If you’re reading this, you might be here to alleviate a sense of unease, to feel better in your body and mind. You might very well sense the value of mindfulness practices.
With apologies to Robert Frost, this post doesn’t concern which road you should take. It’s about the reality that we walk, and we walk, and we continue to walk the road we’ve been walking. Your brain is wired to take the path of least resistance—the familiar path—to increase your chances of survival.
But today’s humans live on for decades longer than it takes to reproduce, to replace ourselves. We can spend that time in much greater contentment than feeling and functioning just well enough to stay alive.
You probably want something better than mere survival—I sure do. Some practices move our brains beyond surviving and toward thriving, contentment. The practices we offer are available to everyone who is still breathing, thinking, and willing to participate.
We’ve known how to do this forever.
Over twenty-five hundred years ago, ancient yogis began offering practices to ease the suffering inherent to the human condition. If you ever doubted that humans are more alike than we are different, even across space and time, consider the kleśas, the Sanskrit word for for afflictions.
Have you experienced one or more of the following?
- A locked-in or inflated sense of self (“I, me, mine”)
- Attachment; clinging
- Aversion; resistance
- Fear of death
As you digest the words in that list, notice what happens in your body, your feelings, and especially your breath. These are the kleśas, the impediments to a clear mind and heart.
Today’s science bears this out.
Key parts of your brain are wired for survival. The first time you burn yourself on the stove, you learn to avoid touching hot surfaces for good. You create a habit that saves your skin.
The parts of your brain where reasoning occurs might tell you the stove is off and perfectly safe to touch. But under stress, if any part of your organism thinks the stove is hot, a warning from the survival part of the brain leaps forward to protect you—faster than the speed of thought.
The Road More Traveled
Your immediate reaction, that thing that happens in you before you have time to think, is a samskara—a pattern. When we walk the same route daily, a path forms. We tamp down the grass, clear the brush, and create a rut. This quickly becomes the easiest way to travel. If you leave the well-formed path, you might have to navigate uneven ground or bushwhack.
Have you brushed your teeth without reminding yourself how? Have you driven several miles and realized you hadn’t noticed how far you’d gone? That’s because you don’t have to relearn toothbrushing or driving every time you do it. Thank goodness!
Your nervous system has formed countless well-worn paths to keep you alive—habits you didn’t create consciously. Your heart beats without your telling it to. Fortunately, even if you tell it to stop, it won’t. Thank goodness!
Breathing is the same—a really good habit to have.
But what about habits that don’t serve you? Including—especially—breathing habits?
Every Breath You Take
You breathe 15,000 to 20,000 times daily. Imagine having to remind yourself how to breathe, breath after breath, forever. Talk about unsustainable.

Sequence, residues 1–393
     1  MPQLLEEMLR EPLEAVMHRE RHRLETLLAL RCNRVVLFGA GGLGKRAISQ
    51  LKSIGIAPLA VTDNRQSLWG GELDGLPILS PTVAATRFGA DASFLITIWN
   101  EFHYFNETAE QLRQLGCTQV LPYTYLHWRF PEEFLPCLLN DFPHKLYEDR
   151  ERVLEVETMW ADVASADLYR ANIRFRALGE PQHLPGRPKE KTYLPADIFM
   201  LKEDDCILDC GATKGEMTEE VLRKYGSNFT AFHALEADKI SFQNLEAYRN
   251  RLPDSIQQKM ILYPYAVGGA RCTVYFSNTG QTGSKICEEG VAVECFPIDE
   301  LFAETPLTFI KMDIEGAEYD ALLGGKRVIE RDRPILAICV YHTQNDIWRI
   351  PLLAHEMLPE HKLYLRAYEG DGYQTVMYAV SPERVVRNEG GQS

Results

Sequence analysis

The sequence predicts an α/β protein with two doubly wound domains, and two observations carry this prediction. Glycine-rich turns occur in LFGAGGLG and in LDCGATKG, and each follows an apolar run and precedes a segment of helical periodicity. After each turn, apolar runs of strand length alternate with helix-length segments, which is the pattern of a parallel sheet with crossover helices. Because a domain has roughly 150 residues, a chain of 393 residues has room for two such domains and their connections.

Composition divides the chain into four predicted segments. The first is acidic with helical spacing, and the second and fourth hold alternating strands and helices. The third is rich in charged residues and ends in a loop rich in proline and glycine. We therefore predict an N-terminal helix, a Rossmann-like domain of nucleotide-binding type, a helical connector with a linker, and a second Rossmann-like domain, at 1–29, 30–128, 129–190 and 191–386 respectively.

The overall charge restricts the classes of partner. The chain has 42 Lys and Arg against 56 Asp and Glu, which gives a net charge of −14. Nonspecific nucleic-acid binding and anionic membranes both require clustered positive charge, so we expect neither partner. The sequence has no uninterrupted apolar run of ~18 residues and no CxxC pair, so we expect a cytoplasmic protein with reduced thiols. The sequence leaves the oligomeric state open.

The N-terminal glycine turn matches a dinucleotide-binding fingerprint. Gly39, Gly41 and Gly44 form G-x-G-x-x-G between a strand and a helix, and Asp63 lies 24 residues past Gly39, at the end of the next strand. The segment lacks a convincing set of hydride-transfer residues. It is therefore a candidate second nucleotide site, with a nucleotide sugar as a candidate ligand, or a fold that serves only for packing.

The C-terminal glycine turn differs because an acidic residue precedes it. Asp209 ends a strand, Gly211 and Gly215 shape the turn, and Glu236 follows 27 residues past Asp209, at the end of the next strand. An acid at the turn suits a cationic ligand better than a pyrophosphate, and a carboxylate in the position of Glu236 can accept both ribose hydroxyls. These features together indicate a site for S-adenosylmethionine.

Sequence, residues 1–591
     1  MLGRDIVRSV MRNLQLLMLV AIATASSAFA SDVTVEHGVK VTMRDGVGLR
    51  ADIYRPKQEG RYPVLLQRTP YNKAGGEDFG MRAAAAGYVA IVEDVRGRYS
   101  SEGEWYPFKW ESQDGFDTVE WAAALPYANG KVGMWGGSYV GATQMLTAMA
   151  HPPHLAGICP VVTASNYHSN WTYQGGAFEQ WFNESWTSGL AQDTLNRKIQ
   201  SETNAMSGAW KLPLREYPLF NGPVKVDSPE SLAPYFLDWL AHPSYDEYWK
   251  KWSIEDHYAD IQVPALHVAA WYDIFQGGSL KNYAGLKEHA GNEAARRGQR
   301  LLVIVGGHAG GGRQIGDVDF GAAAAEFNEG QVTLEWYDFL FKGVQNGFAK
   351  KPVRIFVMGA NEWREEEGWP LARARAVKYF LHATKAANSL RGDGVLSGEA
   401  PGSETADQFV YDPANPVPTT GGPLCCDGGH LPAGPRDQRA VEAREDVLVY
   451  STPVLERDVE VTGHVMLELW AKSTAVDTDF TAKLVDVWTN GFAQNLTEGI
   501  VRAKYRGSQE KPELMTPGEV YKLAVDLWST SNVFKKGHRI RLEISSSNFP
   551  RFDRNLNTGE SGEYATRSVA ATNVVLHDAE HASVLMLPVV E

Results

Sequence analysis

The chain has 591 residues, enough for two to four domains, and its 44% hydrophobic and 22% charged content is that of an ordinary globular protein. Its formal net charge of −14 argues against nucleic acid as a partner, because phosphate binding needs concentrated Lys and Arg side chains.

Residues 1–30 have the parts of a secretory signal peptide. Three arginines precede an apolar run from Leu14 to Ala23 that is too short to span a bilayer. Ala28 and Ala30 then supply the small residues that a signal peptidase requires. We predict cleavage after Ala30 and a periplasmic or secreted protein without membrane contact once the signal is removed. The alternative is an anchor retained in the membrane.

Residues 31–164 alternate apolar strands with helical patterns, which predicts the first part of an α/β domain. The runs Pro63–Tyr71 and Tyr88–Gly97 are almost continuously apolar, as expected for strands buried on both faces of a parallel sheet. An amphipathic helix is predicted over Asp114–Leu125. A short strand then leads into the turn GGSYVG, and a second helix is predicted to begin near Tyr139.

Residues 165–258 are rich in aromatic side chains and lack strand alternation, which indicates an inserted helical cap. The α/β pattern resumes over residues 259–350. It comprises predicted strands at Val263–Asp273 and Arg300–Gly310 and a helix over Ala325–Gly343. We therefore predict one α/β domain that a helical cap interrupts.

The way you breathe is habitual—it has to be to keep your organism alive and in the steady state that reduces strain and promotes health.
Habits are always formed from the best choices you managed to make in a moment when you needed to protect yourself. The result was rewarding enough that the brain remembered; the next time you needed protection, the brain said, “Do that thing the same way again. And again.”
But a choice that once protected you might not help you thrive into the future. Someone with childhood respiratory allergies might habitually breathe through the mouth into the chest. When that kind of breathing was the only thing available, it was by far the best option. The brain took that path. And the pattern stuck.
Say the same person outgrows those allergies or finds effective treatment. After years of mouth breathing shallowly into the chest, the nasal congestion might be gone, but the breathing samskara—the habit pattern—stuck. Mouth breathing causes inflammation that makes it harder to breathe nasally and below the chest into the diaphragm (mouth breathing begets mouth breathing). Mouth breathing is associated with anxiety and health issues, whereas nasal breathing has health benefits.
Breathing through the nose and into the diaphragm is healthier and more calming over the long term. But with no immediate survival need, the brain lacks a spark for immediate change that lasts. For the kind of change we choose in more normal and unprotected moments, we tap the more modern parts of our brain.
We have the ability to discover and change even deeply ingrained habits like breathing. It takes time. Perhaps a long time. And patience.
But not doing the work, not taking the time and making the effort, means change will happen never. You deserve better.
Heating Things Up
Tapas (the Sanskrit term, not small plates of tasty food) provides heat that fuels the process of change. As my teacher Robin Rothenberg wrote, it takes “fortitude and discipline to actively pursue the transforming of habits that cause us to suffer.”
Fortitude and discipline—not willpower, which current studies are revealing might be a myth. Instead, we use the modern parts of our brains to create the conditions that will yield the results we want in the more primitive part of our brains.
How? Gaze into the soothing image below, and and read our post “How to Change from the Inside Out.”